Dennis Hove, the Company Vice President, approached Clark in the first week of February of 1983 and stated his interest in purchasing the Company. Hove subsequently submitted a written buy-out proposal to the Bank, for implementation upon the sale of Company assets for debts outstanding. In this proposal, Hove offered to purchase all Company assets and to assume all Company liabilities, and in turn, Clark would be released from his personal guaranty. This purchase proposal hinged upon an agreement between the Bank and Company on the details of the intended liquidation. Consequently, a meeting was held on February 24, 1983, at which time the Bank set forth its proposal for liquidation of the Company.

    *87 The following people were present at this meeting: Russell Clark, James Ragain and Gary Everson (attorneys for the Company), Doug Aden (head of the Bank's commercial loan department), Bob Waller (Bank president and personal friend to Clark), Gerald Murphy (attorney for the Bank), and Jack Carpenter (Small Business Association representative). The Bank at that time proposed to release the Clarks from their personal guaranty if they would deed to the Bank all real property used by the business in Billings, but owned by the Clarks and the Clark Children's Trust, and if the Company would grant First Bank peaceful possession of all the Company's inventory and accounts receivable. Clark rejected this proposal because he felt the collateral to be turned over to the Bank exceeded the debts owed and because he did not want to convey real estate held in trust for the benefit of his children.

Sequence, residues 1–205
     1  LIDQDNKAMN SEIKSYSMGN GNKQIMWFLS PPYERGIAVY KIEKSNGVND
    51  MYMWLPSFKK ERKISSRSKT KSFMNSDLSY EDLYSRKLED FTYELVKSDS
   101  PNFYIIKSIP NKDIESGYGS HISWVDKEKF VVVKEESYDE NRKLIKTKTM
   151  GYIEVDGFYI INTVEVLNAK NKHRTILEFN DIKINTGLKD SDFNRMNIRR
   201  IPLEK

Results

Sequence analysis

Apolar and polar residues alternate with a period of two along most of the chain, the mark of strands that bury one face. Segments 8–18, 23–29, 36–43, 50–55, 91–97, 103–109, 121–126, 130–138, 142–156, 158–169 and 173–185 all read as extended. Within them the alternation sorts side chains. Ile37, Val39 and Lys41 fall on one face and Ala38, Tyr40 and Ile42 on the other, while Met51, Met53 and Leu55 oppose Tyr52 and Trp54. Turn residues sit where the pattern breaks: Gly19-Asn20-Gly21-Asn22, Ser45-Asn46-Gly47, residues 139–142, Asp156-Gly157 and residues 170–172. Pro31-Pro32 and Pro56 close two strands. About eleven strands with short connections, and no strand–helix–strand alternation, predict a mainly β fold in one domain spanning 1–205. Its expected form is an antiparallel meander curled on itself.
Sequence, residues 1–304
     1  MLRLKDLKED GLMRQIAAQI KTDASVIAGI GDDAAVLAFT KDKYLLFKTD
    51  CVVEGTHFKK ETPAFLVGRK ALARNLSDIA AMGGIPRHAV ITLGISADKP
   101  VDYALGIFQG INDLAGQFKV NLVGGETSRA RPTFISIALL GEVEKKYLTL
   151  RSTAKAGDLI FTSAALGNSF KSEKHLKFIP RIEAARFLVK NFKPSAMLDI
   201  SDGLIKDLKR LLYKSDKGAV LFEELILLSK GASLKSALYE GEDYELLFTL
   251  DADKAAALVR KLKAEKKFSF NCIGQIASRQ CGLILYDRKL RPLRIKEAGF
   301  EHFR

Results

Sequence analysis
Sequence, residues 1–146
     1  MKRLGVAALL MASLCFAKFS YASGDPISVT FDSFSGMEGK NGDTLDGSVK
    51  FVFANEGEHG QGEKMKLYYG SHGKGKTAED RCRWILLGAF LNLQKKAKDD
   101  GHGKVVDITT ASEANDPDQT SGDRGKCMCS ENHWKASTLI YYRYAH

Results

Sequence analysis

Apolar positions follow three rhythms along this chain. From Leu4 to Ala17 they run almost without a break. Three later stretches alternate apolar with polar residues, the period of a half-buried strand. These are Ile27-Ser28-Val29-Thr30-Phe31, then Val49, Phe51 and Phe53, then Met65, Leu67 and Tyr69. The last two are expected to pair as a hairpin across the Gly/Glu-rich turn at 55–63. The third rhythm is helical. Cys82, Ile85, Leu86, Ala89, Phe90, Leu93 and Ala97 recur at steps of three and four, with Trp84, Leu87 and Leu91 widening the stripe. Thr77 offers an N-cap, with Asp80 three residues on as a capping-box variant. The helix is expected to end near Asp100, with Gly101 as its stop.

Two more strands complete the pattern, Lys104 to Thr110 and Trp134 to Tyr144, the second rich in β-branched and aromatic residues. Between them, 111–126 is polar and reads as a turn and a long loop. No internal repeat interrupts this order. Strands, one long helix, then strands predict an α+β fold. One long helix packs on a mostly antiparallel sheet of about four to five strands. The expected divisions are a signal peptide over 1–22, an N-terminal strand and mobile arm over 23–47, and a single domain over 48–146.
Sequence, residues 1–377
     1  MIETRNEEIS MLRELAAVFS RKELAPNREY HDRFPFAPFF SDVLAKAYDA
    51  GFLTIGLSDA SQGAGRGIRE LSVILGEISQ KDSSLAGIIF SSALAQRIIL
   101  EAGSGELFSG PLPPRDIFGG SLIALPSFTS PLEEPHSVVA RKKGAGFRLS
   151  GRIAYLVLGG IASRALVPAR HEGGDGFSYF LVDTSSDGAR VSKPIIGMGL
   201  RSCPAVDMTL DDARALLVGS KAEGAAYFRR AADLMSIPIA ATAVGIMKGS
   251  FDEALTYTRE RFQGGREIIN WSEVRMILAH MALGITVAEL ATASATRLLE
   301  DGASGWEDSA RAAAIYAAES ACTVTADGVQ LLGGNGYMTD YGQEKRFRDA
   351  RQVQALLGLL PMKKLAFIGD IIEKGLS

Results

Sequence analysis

Another meeting with Murphy, Waller, Ragain, and Clark was held on February 28, 1983. At this meeting, Waller stated that the Bank would take a trust indenture, rather than a deed, on all the above-mentioned property and in return release the Clarks from their personal guaranty. The parties differ as to whether Clark accepted this offer and reached an agreement with the Bank.

    Appellant contended that Clark did not accept this offer for the same reasons previously outlined. Appellant alternatively contended that if there was an agreement, that Clark breached it when he failed to convey trust indentures to all the property; respondent did not give the Bank a trust indenture to lots 15, 16, 17 and 18.

    Respondent, on the other hand, contended that he accepted the modified offer, shook hands with Waller and "congratulated him on getting the job done." This agreement, however, was not reduced to writing. Yet, Hove testified that he struck a final deal with the Bank to purchase the Company after he was notified that an agreement had been reached between Clark and the Bank. Respondent further alleged that he fulfilled this agreement by giving a trust indenture to all the required lots. He was not required to give the Bank a trust indenture to lots 15, 16, 17 and 18, since Hove had secured an option to purchase these lots and had arranged financing. Hove later decided against purchasing these four lots, although his company did purchase and give the Bank a trust indenture to lots 2, 3, 4, 5, 6, 19, 20, 21, 22 and 23.

    Both parties agree that the Bank decided to finance Hove's purchase of the Company's inventory and accounts receivable. The Bank arranged an April 7, 1983 auction of this Company property, less $100,000 worth of inventory to which Borg-Warner had a superior security interest. The auction followed Clark's execution of a peaceful repossession agreement in favor of the Bank on March 4, 1983.